Turkish Journal of Earth Sciences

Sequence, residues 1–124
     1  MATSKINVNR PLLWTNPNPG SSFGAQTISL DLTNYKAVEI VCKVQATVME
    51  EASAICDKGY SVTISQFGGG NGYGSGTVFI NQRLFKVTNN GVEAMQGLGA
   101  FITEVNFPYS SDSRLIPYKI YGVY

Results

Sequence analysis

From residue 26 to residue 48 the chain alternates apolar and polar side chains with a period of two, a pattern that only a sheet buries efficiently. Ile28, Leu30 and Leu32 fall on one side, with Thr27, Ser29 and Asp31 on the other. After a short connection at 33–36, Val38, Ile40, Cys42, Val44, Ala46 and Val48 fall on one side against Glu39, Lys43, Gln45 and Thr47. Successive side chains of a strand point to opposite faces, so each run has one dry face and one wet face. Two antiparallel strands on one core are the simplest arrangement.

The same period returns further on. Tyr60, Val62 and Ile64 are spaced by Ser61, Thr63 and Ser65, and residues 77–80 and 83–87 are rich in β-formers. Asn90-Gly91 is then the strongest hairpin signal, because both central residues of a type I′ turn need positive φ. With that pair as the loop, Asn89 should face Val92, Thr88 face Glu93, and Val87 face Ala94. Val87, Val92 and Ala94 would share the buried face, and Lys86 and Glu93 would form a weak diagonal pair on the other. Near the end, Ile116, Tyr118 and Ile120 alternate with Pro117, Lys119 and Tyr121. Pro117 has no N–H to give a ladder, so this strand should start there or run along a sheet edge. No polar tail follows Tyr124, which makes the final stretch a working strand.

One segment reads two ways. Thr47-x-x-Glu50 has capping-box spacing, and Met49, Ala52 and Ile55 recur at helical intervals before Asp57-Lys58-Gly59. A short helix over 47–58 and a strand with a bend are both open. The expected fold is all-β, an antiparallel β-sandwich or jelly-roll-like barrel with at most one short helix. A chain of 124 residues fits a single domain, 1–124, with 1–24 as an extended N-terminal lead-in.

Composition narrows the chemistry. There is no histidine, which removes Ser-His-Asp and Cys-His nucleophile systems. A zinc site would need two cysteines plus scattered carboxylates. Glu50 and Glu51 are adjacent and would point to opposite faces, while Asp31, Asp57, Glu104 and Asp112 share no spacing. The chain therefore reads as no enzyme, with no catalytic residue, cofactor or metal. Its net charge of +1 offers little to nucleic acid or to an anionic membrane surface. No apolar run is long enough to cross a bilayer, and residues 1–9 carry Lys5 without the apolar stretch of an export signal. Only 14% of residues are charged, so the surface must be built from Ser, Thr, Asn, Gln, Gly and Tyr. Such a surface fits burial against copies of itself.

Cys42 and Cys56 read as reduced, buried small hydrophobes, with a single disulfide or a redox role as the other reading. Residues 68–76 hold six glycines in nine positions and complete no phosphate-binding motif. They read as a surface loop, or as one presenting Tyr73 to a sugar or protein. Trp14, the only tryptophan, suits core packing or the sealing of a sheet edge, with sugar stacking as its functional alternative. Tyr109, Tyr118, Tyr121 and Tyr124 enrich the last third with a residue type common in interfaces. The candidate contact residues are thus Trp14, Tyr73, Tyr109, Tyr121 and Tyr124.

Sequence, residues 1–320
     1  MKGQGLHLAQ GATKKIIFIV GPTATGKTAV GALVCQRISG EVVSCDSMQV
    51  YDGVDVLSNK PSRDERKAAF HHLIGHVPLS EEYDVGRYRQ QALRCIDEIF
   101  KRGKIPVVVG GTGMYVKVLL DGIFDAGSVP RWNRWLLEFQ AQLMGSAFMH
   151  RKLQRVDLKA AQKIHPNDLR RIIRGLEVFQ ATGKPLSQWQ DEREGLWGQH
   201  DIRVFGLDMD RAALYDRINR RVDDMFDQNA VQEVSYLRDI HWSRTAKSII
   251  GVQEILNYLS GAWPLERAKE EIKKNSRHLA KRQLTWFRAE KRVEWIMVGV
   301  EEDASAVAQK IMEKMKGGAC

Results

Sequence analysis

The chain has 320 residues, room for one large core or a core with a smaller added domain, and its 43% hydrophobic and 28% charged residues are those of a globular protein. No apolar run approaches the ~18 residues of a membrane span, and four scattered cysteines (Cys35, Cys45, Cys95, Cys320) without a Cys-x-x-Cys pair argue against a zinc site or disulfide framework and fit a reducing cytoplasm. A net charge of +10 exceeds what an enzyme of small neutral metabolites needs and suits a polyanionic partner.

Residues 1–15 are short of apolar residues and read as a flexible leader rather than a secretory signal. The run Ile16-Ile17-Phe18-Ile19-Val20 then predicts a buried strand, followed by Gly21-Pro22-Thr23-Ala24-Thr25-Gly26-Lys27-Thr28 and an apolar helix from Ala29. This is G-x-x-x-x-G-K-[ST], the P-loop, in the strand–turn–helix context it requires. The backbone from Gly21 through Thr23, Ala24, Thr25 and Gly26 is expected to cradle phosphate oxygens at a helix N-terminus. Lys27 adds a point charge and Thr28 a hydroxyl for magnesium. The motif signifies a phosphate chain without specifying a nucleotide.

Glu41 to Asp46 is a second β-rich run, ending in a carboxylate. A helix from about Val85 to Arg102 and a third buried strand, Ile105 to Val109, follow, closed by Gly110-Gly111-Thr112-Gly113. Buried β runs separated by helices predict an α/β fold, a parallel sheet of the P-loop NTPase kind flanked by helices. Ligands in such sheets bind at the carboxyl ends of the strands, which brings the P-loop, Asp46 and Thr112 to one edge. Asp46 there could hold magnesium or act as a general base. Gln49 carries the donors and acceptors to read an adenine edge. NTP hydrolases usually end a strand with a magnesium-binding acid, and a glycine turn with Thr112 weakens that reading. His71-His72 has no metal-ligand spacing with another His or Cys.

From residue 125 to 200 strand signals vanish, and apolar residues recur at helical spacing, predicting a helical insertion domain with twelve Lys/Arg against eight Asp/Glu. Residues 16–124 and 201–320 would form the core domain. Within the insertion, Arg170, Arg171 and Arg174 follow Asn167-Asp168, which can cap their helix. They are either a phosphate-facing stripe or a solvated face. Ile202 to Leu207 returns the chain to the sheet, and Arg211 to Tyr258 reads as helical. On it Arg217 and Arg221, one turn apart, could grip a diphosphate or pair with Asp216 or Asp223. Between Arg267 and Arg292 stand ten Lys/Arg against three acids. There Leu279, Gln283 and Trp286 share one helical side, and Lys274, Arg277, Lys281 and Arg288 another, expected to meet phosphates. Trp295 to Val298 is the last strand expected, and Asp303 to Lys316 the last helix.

The Madsan antimony deposit at the southeastern part of the Niğde province (south-central Turkey) includes a series of epithermal veins hosted by marbles and gneisses. The veins have a simple mineralogy of quartz, calcite, stibnite and pyrite as major constituents, and cinnabar occurs in trace amounts. The deposit experienced a progressive deformation evidenced by a set of textures developed especially in stibnite and pyrite. These are pressure lamellae and annealing as the main textures, and curvature, off-set of pressure lamellae and fracture filling as the textures of minor importance. These were developed in three successive deformation phases. Pressure lamellae represent the first stage of deformation in the region, while the second stage of deformation is represented by curved pressure lamellae and annealing texture, and the third stage of deformation is characterised by truncation and offset of pressure lamellae. The deformations probably occurred at temperatures reaching 180°C and at pressures about 0.2 MPa. Geological evidence supports that the first phase of deformation is explained by the southward thrusting of the Niğde Massif over the Ulukisla Basin. The second phase of deformation is due to an increase in internal compression within the stibnites after the first deformation ended. The third phase of deformation is the direct result of younger normal faulting close to the deposit.

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